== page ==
* Send a letter of interest detailing why you would like to come to Dogwood, what you would like to learn, and how you plan to apply that knowledge. Please include your experience with animals, people with disabilities, animal assisted therapy, assistance dogs, and any related experiences or projects. Include the potential dates for the rotation, all of your contact information, and your university or organization coordinators contact information. Also let us know if you would like to rent a room, or need assistance with finding other accommodations. Transportation in Albuquerque and surrounding areas is not always available. If you will not be bringing a car, let us know.

* Next, set up an interview with Dogwood via SKYPE. The interview may include an OT, actual clients, other interns, volunteers or dog trainers. 

* Dogwood publishes articles, intervention strategies, and offers workshops locally and internationally. Each intern is expected to contribute to a project for Dogwood and may have the opportunity to be published as a co-author or to co-present workshops. We hope to offer interns opportunities to develop professionally.  

 

Previous Interns Say:

 “I grew up with dogs in my house and horses in the barn. I cannot imagine walking through life without animals by my side. After four years of riding and training horses, I found my way to OT school in the fall of 2007. It was during my first semester that I learned of animal-assisted interventions. What better way to combine my two passions: OT and animals. I began researching AAT-based therapy clinics worldwide. My research continued to point me to Dogwood Therapy Services in Albuquerque, New Mexico.  After speaking with Melissa Winkle, founder of Dogwood Therapy Services, I had one question….When do I start?” “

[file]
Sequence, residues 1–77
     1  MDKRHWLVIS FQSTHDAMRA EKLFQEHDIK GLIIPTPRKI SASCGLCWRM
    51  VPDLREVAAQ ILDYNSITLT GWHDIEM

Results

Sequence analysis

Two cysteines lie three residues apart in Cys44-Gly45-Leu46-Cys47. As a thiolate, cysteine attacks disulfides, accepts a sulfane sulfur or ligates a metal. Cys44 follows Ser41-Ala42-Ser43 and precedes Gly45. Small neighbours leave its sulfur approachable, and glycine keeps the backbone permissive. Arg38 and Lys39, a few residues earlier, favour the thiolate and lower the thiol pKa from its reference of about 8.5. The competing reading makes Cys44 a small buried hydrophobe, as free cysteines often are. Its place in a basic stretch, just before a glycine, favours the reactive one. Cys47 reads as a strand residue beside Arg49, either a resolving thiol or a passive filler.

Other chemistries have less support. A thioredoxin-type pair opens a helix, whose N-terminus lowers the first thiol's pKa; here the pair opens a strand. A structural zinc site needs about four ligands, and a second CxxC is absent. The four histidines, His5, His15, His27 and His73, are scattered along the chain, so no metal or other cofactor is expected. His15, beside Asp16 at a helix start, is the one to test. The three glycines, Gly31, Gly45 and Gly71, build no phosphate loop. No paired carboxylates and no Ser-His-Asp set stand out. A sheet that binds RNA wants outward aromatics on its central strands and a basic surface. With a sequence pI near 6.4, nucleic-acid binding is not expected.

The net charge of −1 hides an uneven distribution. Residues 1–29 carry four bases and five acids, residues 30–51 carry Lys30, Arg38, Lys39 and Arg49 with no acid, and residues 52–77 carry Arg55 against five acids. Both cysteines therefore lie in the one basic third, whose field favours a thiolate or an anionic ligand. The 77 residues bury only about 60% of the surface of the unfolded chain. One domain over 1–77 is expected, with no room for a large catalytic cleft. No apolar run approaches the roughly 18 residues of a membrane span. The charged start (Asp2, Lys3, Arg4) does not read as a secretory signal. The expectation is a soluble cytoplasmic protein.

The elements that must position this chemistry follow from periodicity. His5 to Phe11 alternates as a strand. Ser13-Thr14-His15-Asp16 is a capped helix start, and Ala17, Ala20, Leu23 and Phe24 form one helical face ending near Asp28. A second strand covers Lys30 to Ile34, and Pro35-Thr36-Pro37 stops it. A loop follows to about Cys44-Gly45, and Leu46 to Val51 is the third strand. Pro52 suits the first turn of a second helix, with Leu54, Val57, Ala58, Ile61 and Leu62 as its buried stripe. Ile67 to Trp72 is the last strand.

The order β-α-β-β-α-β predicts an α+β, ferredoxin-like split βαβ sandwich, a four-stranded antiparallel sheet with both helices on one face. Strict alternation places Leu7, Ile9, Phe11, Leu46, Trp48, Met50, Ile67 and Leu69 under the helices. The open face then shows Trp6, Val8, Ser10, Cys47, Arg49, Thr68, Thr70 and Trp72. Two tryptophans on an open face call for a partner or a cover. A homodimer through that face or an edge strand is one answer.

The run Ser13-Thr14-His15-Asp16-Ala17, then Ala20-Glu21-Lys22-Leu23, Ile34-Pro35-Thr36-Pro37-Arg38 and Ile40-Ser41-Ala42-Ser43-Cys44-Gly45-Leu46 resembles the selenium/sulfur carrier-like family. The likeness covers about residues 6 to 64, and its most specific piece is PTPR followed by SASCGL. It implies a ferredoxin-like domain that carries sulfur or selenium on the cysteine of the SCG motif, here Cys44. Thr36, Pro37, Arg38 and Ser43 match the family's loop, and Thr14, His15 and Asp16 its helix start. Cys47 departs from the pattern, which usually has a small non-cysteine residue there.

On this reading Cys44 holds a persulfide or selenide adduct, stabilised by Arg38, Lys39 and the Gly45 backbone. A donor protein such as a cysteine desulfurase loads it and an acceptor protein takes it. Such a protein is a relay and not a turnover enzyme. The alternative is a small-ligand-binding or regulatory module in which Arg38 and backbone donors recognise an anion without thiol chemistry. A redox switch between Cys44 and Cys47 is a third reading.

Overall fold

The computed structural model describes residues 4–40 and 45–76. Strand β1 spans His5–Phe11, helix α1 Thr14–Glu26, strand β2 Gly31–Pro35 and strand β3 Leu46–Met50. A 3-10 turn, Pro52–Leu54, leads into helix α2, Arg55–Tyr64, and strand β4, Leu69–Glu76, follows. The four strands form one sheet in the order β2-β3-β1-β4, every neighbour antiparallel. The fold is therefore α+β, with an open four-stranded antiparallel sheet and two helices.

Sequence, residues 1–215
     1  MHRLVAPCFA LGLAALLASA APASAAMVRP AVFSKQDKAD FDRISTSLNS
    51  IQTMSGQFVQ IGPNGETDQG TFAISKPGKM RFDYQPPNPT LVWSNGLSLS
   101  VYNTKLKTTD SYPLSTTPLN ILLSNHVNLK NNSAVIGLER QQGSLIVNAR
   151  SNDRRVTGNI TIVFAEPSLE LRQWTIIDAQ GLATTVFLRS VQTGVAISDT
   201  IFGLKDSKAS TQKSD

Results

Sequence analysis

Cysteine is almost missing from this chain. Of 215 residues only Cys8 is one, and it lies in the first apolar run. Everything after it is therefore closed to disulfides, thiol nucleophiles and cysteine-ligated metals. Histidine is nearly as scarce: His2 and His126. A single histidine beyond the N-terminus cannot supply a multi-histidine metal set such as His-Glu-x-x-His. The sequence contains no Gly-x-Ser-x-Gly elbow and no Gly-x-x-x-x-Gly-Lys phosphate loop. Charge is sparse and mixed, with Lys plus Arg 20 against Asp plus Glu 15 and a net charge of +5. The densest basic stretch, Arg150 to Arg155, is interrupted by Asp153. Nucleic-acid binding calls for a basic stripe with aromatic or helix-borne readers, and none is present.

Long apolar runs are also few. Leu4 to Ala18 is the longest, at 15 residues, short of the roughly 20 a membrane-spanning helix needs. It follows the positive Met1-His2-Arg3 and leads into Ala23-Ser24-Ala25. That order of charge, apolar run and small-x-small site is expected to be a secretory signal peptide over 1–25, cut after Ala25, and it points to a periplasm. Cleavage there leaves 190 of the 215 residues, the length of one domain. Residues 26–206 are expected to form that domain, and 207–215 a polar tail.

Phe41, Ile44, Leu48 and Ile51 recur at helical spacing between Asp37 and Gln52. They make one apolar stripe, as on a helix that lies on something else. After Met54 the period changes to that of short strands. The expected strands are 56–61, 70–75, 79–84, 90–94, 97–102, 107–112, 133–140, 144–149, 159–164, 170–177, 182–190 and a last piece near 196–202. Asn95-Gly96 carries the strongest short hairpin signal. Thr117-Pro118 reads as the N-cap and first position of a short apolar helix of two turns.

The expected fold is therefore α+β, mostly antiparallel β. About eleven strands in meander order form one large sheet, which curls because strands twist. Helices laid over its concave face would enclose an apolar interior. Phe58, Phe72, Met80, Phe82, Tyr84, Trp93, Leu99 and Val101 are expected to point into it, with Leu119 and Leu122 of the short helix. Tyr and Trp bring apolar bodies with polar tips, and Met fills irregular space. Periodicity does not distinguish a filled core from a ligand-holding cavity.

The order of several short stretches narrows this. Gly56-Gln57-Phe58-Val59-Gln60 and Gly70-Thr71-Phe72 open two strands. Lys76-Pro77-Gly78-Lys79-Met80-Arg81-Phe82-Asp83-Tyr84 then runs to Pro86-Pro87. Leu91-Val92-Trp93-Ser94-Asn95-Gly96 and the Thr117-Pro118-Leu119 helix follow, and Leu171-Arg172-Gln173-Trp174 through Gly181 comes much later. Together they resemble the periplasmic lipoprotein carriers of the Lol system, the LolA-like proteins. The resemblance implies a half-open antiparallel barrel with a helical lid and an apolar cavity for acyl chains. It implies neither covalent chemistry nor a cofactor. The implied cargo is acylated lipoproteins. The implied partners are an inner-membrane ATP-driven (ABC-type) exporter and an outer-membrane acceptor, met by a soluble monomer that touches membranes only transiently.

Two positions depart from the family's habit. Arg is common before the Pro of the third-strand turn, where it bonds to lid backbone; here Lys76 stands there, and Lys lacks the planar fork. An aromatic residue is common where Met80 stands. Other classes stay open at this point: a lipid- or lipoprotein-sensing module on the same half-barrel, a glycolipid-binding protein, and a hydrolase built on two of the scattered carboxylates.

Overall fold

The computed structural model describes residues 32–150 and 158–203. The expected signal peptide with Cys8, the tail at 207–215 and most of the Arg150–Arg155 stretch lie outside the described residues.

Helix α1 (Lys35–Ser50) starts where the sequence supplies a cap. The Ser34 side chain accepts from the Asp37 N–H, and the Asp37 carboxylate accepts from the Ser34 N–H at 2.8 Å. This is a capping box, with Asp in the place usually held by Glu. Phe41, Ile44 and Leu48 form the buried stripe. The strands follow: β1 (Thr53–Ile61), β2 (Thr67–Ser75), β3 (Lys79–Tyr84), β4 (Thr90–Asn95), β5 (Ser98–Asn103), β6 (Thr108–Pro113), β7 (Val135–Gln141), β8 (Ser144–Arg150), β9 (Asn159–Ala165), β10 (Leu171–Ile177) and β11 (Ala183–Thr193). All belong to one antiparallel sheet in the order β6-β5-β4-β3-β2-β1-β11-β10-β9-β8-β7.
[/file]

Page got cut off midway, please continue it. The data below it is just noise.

“I had completed fieldwork in pediatrics, skilled-nursing, and acute care, however my experience at Dogwood rose above the others as far as opportunities for daily learning and growth. I learned how to explore critical thinking and creative learning, manage client and animal simultaneously, and reflect on my strengths and weaknesses with Melissa as my mentor. The days were long, and at times I envied my fellow classmates who were interning at clinics from 8-5 back home. However the experience was and always will be invaluable. Melissa gave me the opportunity to co-author an article, which was published in OT Practice a few months after completion of my rotation, as well as have a role in the development of a DVD highlighting animal-assisted interventions for therapeutic use. Performing an activity analysis on nearly 40 different activities will prepare any OT student for the NBCOT exam, I can assure you.”

“Was it long hours? Yes. Was it hard work? Absolutely. Would this Tennessee girl go back to New Mexico to do it all over again? When do I start?”  ~  Amanda